Our history of quilting for charity is stellar. Even before becoming a public charity, we made more than 170 quilts for flood victims in the Vernonia area. Last year we gave 150 quilts to various charities.
Marcia Elliott, co-chair, Charity Committee
|Carolyn Drosd, co-chair, Charity Committee|
provides quilts and soft toys to children from infants to 18 years old who are being removed from their homes for a variety of reasons such as abuse, violence, or drugs in the home. Children get to choose their very own quilt before being placed in a more suitable environment such as foster care.
|Linda, pressing a bright quilt for one of our charities.|
|Becky, making one of many charity quilts.|
A camp for children who have lost a parent or sibling allows them to know others also grieving. Twin size quilts for their bunk beds are made for them, and they may keep them.
Eiko and Nancy laying out a quilt
As many as five quilts are made available annually for donation to other tax exempt organizations for fundraising purposes. If your group would like to be considered, a written request to the guild will start the process.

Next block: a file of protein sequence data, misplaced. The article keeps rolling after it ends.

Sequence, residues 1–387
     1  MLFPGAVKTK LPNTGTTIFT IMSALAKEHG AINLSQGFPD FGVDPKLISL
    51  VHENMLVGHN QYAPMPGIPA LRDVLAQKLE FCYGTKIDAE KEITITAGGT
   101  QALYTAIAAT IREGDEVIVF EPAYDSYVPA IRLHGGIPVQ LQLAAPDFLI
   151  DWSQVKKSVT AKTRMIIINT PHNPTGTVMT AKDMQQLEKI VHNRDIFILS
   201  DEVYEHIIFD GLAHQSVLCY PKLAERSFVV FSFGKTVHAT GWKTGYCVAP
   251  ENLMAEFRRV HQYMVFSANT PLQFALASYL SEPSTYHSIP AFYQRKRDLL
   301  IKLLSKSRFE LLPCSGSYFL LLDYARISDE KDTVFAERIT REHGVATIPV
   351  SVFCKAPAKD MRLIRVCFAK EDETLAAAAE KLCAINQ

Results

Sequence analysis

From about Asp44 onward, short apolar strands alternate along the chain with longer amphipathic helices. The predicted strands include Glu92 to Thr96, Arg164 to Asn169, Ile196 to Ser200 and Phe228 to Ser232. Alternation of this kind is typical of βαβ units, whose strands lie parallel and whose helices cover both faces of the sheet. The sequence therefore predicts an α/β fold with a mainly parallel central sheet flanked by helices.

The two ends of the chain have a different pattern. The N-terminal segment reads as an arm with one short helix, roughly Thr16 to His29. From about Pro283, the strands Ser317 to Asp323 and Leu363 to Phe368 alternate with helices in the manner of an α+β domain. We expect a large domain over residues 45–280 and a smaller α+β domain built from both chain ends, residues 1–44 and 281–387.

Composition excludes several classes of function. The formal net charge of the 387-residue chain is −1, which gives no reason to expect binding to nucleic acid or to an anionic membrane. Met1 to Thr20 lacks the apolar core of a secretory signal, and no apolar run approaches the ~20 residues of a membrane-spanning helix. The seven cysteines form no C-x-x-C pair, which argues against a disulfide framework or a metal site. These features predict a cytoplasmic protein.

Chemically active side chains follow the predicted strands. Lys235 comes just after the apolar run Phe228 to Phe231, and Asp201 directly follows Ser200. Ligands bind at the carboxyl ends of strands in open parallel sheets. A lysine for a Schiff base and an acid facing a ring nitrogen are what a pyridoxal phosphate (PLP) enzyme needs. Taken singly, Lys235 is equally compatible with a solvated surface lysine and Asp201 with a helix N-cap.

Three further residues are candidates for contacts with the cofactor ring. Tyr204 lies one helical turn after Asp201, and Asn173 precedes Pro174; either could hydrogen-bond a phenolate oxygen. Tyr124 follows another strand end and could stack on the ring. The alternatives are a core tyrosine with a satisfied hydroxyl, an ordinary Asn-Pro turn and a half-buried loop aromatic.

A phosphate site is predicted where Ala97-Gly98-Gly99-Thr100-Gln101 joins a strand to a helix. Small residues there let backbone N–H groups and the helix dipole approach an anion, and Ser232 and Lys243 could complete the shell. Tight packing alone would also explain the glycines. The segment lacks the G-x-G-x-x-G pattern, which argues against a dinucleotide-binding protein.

WQG welcomes you to join us in our charitable quilting. If you would like more information or have any questions about our charity projects, please contact us at firstname.lastname@example.org.
- History of Quilting
- The Quilt Barn Trail of Oregon's Washington County
|Oregon Quilt Project members documenting quilts for the national database. Feb. 2016|
|Mary Bywater Cross, OQP, Julie Mason, WQG, & treasurer Velma, OQP, receiving a $1000 check from WQG to the Oregon Quilt Project to help fund quilt documentation in Oregon in 2016 & 2017.|
|Making blocks at Hillsboro Saturday Market|
Children are the focus of many of our available activities. We have a unit on the history of quilts and have examples of quilts both old and new.
The Washington County Museum is a partner for their “Family Days” activities for children as young as two. Children learn how to combine shapes and colors to put a quilt block together, actually make a fabric block, and take their project home.
We individualize our presentations based on the needs of the group with whom we’re working. A simple visual presentation is available for audiences of all kinds including youth, seniors, and the disabled, from novice to advanced quilters. We strive to engage a broader audience with the history and art of quilting.
|Connections: Quilting 1930s and Today|
|Winter Wonderland at Valley Art Association|
in Forest Grove